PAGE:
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The iPad is a phenomenal technological device. It has been a huge success for Apple, but is this new gadget stealing all the laptop sales? Are consumers beginning to choose this ultraportable tablet over the much bulkier option of a laptop?
According to a survey conducted by NPD, Apple’s iPad is not having a particularly significant impact on the sales of laptops, and is going to have a hard time overcoming objections in sales. The research group found that only 13 percent of those who purchased an iPad did so instead of buying a laptop. NPD also polled consumers who have bought these iPads and asked them if they had bought Apple’s tablet device in place of a dedicated eBook reader. Twenty-four percent of those surveyed said that they had.
When Steve Jobs, CEO of Apple, first introduced Apple’s iPad in January, he said that the device was meant to be a “third screen.” What he meant by this was that the iPad was not supposed to be a replacement for a desktop computer or a laptop. The iPad was really meant to create a whole new branch of computer technology, the tablet branch. Apple was not trying to replace desktops or laptops. Their strategy was very different from that. They believed that consumers who were considering replacing or upgrading their old desktop computer or laptop might decide to put off that purchase and instead buy an iPad in its place.
The iPad is certainly a wildly successful device, but there are definitely some limitations to be found with the tablet. There are other tablet devices that companies are releasing in an attempt to add the “laptop aspects” that Apple omitted with their original iPad, but will that really allow these companies to compete with laptop sales? Apple is even planning to release a new and improved version of the iPad sometime soon, but will that really make a difference? I personally feel that the iPad and other tablets like it are incredibly fascinating devices. They are ultraportable and extremely convenient, but there are simply tasks that are much easier to do on a laptop instead of a tablet. No one is going to want to write a whole paper on a tablet. It would simply be too annoying to try to type on. Yes, there is a keyboard and stand that can be purchased for the iPad, but if you use a keyboard and a stand, doesn’t that defeat the purpose of being ultraportable?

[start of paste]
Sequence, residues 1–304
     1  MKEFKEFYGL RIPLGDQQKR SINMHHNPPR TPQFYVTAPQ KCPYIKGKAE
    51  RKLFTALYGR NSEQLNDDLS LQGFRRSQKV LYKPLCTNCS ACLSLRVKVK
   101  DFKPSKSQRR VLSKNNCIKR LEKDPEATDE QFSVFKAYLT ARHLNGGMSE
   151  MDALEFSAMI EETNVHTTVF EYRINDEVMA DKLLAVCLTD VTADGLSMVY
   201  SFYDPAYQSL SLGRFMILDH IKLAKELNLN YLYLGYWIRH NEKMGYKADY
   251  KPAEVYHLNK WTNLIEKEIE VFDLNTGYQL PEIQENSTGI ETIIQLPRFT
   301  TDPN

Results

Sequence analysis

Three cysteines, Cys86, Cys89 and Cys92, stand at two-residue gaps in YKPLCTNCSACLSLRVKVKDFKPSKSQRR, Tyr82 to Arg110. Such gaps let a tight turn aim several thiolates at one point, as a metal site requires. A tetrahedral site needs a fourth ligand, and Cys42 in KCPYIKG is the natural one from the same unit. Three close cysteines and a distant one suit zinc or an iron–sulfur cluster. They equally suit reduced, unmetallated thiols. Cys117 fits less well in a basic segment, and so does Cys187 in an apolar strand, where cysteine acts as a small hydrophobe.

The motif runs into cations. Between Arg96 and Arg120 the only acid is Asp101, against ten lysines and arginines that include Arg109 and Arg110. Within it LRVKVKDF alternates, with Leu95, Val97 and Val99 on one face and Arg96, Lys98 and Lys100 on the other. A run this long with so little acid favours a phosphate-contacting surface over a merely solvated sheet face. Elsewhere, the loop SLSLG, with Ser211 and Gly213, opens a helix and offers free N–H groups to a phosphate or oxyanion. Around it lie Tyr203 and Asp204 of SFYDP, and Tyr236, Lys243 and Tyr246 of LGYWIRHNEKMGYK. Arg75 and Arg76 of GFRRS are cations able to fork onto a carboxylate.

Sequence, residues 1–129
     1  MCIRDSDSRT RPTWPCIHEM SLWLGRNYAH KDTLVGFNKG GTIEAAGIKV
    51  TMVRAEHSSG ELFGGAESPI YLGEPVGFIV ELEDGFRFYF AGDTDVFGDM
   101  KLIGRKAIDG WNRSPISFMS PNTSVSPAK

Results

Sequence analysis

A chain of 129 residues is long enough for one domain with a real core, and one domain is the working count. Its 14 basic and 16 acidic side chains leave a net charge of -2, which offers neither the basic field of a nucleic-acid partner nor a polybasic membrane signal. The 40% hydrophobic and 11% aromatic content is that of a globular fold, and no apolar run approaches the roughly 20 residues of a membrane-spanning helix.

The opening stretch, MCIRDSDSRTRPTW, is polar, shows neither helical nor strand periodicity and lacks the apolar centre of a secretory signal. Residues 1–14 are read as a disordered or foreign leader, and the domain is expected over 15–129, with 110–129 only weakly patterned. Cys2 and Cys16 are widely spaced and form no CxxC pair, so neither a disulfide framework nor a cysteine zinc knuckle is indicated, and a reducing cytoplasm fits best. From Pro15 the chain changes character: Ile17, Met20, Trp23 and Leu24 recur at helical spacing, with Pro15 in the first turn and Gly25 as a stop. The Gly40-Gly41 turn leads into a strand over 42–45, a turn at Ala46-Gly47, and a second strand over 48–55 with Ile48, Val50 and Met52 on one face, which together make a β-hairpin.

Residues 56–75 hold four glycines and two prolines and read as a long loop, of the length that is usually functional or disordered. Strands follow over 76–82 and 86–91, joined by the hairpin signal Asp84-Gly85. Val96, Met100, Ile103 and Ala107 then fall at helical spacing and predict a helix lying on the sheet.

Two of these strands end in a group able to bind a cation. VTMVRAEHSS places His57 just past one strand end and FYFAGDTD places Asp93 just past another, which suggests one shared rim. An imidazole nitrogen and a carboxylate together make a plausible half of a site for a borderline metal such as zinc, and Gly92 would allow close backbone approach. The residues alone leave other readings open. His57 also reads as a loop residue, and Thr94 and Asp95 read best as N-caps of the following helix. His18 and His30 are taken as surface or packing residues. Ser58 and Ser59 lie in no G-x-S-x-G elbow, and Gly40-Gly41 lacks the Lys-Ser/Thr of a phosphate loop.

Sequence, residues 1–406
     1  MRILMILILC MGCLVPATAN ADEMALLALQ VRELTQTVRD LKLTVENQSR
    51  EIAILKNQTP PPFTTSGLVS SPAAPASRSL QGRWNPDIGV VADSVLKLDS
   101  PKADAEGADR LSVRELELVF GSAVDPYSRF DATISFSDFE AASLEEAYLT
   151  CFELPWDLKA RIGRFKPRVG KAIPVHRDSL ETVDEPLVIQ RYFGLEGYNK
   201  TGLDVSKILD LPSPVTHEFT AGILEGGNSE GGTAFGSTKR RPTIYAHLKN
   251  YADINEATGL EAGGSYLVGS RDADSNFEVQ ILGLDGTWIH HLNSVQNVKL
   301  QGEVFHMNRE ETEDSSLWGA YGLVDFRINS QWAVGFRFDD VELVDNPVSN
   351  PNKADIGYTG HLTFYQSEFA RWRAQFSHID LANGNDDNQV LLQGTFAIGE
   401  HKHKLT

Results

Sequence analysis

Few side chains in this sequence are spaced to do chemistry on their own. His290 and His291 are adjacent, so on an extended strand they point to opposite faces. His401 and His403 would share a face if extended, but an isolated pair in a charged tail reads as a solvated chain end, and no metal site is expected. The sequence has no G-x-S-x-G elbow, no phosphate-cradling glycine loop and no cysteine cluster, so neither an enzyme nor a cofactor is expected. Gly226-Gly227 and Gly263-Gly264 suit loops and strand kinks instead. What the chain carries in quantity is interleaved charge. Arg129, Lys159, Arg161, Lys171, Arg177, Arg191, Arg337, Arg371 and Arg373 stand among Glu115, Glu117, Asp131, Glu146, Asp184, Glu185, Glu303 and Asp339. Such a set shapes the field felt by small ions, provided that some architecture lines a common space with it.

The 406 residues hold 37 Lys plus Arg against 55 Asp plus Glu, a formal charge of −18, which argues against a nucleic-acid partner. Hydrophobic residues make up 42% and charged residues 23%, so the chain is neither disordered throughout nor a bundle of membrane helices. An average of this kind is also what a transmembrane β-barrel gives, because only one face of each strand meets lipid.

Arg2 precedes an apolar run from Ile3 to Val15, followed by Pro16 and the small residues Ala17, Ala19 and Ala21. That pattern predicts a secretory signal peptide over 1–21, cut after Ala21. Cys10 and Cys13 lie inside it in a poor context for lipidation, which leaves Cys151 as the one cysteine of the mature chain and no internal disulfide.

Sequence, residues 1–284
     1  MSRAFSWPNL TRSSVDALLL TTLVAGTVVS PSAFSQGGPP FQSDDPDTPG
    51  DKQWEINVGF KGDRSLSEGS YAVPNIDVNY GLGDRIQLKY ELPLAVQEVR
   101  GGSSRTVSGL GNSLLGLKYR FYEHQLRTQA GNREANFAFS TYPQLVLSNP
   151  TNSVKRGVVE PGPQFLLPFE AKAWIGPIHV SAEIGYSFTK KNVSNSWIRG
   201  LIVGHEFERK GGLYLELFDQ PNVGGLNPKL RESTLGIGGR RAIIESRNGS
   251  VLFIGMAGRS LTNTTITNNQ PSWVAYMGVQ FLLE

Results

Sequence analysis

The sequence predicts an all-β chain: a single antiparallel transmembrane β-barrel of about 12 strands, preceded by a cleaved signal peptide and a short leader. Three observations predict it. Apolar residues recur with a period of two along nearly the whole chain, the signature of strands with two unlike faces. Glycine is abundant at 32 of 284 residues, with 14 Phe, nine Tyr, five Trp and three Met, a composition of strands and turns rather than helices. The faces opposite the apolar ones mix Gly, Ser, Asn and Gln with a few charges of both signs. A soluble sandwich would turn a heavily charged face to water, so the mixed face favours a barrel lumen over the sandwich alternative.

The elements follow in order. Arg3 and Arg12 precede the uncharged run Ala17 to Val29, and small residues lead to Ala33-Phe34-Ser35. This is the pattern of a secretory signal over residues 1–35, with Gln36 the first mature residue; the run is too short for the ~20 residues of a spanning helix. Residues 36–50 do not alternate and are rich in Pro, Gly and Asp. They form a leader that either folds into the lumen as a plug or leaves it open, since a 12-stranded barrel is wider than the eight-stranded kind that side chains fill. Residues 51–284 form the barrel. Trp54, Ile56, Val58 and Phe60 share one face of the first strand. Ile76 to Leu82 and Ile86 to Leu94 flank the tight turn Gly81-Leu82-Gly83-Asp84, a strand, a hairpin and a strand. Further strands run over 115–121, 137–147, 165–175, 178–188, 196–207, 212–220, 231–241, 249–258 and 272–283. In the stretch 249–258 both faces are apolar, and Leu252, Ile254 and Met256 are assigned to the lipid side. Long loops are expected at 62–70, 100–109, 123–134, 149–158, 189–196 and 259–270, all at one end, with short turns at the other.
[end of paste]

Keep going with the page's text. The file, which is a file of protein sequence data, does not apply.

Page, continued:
I do not think that the laptop industry needs to feel threatened by tablets right now. Laptop sales are still fantastic, despite the various releases of new tablets. Consumers love the concept of tablets, but it certainly does not seem like they are viewing them as laptop replacements. Laptop producers have no reason to be worried. Despite their popularity, tablets will not be taking over their industry any time soon.